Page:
January 24, 2020 § 1 Comment
For Jennifer McGaha, writing a book is like hiking. The journey will envelop you in foggy haziness, unexpected visitors will creep up along the way, and hopefully others will be there to push you when you’re floundering. She finds joy in not knowing what will happen on a walk or where an essay or book will lead her. After all, we all want to get to the end of the trail and finish writing a story in the same way: tired but satisfied with the process of exploration. Here’s an excerpt from McGaha’s craft essay:
You can write without discovery, of course. You can write to a scripted conclusion, and it will be easier. Maybe no one will even notice. But why on earth would you? Why, with as hard as it is to write anything, with all the time and love and grit you put into the creation of your art, would you settle for anything less than two stunning bighorn rams rising out of the mist?
January 23, 2020 § Leave a comment
How did we become so desensitized? What was the turning point? Is it now too late? These might be some of the questions that Joanna Brichetto’s profound essay will evoke. She uses a moment watching nature unravel from her porch to contextualize how a facet of our nation’s social fabric has become both extraordinary and commonplace. An excerpt from Brichetto’s essay follows:
The robin dipped, raised, dipped, raised, again and again. When his beak was in the water, ripples radiated to the edge of the plastic. When his beak was in the air, the surface of the saucer had already stilled. It was as if there was room only for one set of ripples at a time: either the water or the throat. I kept watching both—the taking of turns, the shimmers of wet, the shivers of feather—when would the pattern break? I was afraid to move or blink. I was afraid he would stop drinking, and I was afraid he would never stop drinking. And when at last he fluttered up to the hackberry tree in his own good time, I found that I was crying.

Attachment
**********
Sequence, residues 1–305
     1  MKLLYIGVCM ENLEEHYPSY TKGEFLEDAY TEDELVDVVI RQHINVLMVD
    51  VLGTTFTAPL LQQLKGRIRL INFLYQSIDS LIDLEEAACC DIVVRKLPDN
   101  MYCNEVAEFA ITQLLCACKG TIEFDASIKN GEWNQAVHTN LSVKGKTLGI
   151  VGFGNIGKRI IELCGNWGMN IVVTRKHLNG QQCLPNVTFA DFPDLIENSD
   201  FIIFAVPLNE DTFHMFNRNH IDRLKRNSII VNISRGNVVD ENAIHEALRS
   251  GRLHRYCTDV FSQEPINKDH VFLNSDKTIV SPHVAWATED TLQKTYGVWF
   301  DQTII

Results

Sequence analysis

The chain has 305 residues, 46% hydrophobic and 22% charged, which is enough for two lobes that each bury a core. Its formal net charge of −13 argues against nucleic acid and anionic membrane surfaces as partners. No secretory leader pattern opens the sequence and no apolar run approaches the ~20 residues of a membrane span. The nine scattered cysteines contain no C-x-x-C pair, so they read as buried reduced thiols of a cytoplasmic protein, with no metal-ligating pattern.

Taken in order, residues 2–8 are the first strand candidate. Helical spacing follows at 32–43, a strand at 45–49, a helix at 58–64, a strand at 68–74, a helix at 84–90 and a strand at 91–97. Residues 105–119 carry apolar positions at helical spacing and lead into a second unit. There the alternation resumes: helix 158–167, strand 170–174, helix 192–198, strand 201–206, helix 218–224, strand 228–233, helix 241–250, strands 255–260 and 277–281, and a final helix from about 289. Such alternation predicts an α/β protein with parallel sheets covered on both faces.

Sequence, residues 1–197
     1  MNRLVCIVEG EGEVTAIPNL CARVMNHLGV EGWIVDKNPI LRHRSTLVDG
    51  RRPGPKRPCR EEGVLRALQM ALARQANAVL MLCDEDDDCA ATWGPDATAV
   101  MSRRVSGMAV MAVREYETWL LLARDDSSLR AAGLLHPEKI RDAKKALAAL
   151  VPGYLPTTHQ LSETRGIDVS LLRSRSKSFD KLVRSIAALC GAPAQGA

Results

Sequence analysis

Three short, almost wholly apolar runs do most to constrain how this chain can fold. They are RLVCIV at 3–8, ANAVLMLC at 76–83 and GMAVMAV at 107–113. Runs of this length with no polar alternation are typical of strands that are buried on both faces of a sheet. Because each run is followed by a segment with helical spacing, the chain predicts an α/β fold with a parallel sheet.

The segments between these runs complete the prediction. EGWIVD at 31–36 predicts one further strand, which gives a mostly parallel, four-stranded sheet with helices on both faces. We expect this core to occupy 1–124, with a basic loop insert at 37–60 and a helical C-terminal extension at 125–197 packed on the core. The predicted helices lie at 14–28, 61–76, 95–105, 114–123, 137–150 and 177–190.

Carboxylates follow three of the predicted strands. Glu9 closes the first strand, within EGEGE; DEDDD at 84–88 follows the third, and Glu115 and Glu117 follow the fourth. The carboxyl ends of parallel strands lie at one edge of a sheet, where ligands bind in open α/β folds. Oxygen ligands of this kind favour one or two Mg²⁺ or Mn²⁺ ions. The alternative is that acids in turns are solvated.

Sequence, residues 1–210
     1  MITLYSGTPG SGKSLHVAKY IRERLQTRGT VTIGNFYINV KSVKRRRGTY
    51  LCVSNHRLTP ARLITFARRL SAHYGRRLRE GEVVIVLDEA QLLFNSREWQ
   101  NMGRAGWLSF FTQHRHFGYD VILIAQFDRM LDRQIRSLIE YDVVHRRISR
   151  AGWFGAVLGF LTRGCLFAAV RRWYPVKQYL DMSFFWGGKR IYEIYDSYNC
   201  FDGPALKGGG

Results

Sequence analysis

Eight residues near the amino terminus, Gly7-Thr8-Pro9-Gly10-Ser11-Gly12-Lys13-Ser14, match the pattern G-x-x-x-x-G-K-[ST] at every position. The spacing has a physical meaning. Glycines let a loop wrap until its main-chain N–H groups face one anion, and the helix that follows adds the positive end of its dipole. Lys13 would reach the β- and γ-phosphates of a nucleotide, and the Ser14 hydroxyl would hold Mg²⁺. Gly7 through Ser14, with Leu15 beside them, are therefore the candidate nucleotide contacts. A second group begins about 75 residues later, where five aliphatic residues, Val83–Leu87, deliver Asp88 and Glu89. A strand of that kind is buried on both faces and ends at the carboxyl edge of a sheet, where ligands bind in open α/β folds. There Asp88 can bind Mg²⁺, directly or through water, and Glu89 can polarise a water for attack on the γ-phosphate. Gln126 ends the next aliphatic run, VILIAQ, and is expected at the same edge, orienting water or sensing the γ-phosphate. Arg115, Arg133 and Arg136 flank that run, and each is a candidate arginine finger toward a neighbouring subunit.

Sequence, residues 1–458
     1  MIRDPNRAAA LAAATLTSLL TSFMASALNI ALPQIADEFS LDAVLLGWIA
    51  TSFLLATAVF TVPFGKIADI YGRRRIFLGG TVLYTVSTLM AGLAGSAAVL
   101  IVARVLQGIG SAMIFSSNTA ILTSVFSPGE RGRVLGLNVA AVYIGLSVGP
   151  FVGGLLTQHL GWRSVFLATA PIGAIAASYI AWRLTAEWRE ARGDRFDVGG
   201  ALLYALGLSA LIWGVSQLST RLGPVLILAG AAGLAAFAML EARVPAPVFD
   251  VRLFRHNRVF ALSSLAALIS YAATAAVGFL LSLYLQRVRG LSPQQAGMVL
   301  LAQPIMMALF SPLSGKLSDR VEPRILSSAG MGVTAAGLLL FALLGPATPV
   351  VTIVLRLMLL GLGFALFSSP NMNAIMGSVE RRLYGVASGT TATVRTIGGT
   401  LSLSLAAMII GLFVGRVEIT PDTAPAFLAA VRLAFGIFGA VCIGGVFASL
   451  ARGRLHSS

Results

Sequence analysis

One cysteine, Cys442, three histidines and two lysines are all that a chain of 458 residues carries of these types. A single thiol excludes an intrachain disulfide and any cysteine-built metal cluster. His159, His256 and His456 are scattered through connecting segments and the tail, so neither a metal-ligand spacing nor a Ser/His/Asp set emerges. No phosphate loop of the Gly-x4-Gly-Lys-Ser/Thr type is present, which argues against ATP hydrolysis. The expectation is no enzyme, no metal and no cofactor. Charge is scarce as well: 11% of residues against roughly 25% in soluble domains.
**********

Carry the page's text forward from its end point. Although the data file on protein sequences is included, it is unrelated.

Read the full essay in our January 2020 issue.
January 23, 2020 § Leave a comment
In her new craft essay, Mary Ann McSweeny illustrates why compassion should be one of the underlying components of all stories, and she explains how it is only when the writer remains a “detached witness” that compassion can flourish. McSweeny provides a list of questions and a brainstorming exercise for writers to immerse their characters and narrators in substance and compassion:
When I read my own work and that of others, I ask myself: Does the writer have compassion for the character on the page? Does the writer know the character’s life history, background, biography? Does the writer understand how the character has arrived at the point where the story begins? Has the writer somehow entered into the character’s struggle? With the personal “I” narrator: Does the writer portray the narrator’s struggle with an understanding of the narrator’s weaknesses, fears, or defects without trying to control the outcome of what’s happening?
Substance is not writing about compassion; it is writing with compassion so that the reader feels the writer’s authenticity.
Read the rest of this exceptional craft essay in our latest issue.
January 22, 2020 § Leave a comment
After you read this piece, write down a list of things that scare you. Toss the paper into a fire, maybe cut it into tiny pieces and bury it, or leave it as a note in a book at your library. Like Professor Jill Kolongowski’s Spring 2019 creative writing class did with this compelling collaborative essay, set the things that scare you free. Here is an excerpt: